"The liberal conception of society,” the political philosopher Kenneth L. Minogue wrote in The Liberal Mind, “is... determined by the moral and political policies of modern liberalism. It has only a tenuous connection with sociological description.”

As well as, we must add, the political realities of the nation state in the twenty-first century. (Minogue’s book was first published in 1963.) Today, liberal policies are the emotional expression, translated into political terms, of liberals’ utopian aspirations toward the complete “inclusion” of every one of society’s “communities” on precisely equal terms.

Liberals will not recognize that this goal can never...

“The liberal conception of society,” the political philosopher Kenneth L. Minogue wrote in The Liberal Mind, “is… determined by the moral and political policies of modern liberalism. It has only a tenuous connection with sociological description.”

As well as, we must add, the political realities of the nation state in the twenty-first century. (Minogue’s book was first published in 1963.) Today, liberal policies are the emotional expression, translated into political terms, of liberals’ utopian aspirations toward the complete “inclusion” of every one of society’s “communities” on precisely equal terms.

Liberals will not recognize that this goal can never be achieved, and that a multicultural nation is a plain contradiction in terms. A healthy, coherent and efficient one — in contrast to a nation that is in the process of decay and decline as it succumbs further to centrifugal diffusion and flies outward into an infinitely expanding universe — is the political expression of a single, or at least a majoritarian, culture, and not a confusion of many diverse and antagonistic ones.

Conservatives in the Anglo-Saxon nations, where the multicultural ideology originated and remains strongest, have argued for decades that the historical American culture is being diluted, weakened and transformed by multiculturalism, which is itself the direct and inevitable result of polycultural immigration from non-Western countries.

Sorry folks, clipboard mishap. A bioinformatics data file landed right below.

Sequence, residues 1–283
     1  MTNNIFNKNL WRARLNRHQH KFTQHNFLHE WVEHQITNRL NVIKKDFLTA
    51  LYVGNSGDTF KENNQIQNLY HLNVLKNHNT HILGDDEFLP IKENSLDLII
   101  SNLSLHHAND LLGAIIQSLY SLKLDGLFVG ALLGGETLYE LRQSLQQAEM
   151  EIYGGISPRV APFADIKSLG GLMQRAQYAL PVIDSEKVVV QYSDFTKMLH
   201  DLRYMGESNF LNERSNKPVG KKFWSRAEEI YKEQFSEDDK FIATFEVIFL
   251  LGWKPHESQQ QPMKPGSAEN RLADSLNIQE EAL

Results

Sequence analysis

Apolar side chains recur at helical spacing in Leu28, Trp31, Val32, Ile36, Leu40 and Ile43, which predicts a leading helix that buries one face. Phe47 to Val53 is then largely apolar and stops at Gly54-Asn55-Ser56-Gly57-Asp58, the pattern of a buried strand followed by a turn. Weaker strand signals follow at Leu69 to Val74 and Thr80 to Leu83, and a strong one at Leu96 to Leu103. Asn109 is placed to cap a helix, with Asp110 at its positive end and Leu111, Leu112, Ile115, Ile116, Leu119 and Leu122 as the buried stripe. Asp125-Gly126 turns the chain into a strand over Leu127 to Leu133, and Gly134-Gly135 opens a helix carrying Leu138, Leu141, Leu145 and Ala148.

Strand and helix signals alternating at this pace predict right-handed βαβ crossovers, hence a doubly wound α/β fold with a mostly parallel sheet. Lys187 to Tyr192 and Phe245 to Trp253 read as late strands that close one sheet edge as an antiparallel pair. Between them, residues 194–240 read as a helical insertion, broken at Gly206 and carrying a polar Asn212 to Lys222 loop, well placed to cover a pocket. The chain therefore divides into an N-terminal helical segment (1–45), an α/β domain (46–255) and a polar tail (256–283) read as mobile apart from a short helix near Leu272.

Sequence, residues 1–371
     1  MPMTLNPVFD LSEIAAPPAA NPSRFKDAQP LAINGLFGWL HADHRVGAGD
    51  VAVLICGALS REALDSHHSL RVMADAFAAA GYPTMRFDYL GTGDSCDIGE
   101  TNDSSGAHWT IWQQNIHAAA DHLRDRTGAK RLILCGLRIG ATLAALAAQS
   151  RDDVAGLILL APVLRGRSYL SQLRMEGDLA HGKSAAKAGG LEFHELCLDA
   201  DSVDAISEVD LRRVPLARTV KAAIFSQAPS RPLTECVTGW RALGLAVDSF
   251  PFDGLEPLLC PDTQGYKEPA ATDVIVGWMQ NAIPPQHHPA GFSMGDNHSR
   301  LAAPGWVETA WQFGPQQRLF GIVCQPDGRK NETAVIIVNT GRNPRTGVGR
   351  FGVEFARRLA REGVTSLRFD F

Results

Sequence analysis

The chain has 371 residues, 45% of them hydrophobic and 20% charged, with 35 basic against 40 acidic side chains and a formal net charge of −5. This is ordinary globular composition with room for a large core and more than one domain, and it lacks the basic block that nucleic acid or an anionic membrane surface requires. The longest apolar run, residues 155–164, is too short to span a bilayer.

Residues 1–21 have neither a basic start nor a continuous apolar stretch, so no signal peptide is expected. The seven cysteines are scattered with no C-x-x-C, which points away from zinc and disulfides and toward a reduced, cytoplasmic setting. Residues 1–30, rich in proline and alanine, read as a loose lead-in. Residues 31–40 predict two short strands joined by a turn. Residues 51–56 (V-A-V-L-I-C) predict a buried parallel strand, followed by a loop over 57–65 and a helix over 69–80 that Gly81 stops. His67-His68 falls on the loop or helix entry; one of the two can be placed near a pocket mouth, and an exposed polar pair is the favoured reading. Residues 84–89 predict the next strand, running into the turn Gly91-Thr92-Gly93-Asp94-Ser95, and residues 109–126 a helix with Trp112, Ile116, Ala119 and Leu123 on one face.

The left responds by asserting the benefits of what it calls cultural enrichment and accusing critics of “diversity” with Know-Nothingism, xenophobia, bigotry and racism. Hardly anyone thinks to consider what implications a multicultural society has for continued republican government in the Western nations — indeed, for any government at all.

This neglect is especially remarkable on the left, which is ideologically committed to the ideal of a powerful centralized government of the Marxist type, mobilized for the task of achieving maximum political and motivational unity and control directed toward a set of calculated and unanimous ends. This monolithic political project blatantly contradicts the left’s multicultural social one: one of the principal ways in which cultures vary is in their concepts of political activity, its means and ends, and the kind of government the practice of politics ought to create and manage.